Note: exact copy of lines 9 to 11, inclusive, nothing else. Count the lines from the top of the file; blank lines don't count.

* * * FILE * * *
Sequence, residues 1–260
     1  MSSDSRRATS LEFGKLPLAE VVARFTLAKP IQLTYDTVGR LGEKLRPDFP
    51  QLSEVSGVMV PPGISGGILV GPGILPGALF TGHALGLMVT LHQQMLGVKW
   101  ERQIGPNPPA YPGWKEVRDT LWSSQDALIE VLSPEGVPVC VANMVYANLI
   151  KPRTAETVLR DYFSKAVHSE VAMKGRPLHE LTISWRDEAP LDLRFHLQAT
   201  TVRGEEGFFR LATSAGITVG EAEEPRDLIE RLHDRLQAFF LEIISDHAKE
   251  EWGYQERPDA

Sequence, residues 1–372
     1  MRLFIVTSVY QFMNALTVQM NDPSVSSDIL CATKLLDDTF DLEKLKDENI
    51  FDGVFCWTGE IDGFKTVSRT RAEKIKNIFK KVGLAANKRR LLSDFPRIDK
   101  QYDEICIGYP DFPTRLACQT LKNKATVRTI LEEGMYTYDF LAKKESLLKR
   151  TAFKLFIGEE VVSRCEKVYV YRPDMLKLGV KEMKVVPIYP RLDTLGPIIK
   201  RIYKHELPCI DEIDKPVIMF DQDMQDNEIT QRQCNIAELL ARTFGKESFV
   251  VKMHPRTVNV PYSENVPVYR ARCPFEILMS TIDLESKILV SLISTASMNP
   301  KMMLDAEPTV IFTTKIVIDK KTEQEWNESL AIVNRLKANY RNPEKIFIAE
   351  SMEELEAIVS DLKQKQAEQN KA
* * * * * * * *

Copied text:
     1  MRLFIVTSVY QFMNALTVQM NDPSVSSDIL CATKLLDDTF DLEKLKDENI
    51  FDGVFCWTGE IDGFKTVSRT RAEKIKNIFK KVGLAANKRR LLSDFPRIDK
   101  QYDEICIGYP DFPTRLACQT LKNKATVRTI LEEGMYTYDF LAKKESLLKR